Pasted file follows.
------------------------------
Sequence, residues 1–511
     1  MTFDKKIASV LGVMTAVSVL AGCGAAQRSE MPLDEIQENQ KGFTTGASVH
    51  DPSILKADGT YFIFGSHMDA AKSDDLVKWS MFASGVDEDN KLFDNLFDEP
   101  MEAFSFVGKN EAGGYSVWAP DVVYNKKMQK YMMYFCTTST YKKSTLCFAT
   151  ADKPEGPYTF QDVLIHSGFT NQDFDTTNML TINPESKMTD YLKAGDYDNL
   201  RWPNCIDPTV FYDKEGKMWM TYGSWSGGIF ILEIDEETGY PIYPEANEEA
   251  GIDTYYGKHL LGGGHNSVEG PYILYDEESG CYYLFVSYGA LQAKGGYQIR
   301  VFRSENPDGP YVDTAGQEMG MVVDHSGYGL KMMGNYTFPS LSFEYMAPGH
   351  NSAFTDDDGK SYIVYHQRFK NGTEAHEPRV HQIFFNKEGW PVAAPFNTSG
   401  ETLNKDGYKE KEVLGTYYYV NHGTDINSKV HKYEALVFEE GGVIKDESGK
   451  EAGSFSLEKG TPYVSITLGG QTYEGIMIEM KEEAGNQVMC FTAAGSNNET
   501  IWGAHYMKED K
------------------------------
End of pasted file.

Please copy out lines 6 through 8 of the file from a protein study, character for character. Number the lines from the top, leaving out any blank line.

   201  RWPNCIDPTV FYDKEGKMWM TYGSWSGGIF ILEIDEETGY PIYPEANEEA
   251  GIDTYYGKHL LGGGHNSVEG PYILYDEESG CYYLFVSYGA LQAKGGYQIR
   301  VFRSENPDGP YVDTAGQEMG MVVDHSGYGL KMMGNYTFPS LSFEYMAPGH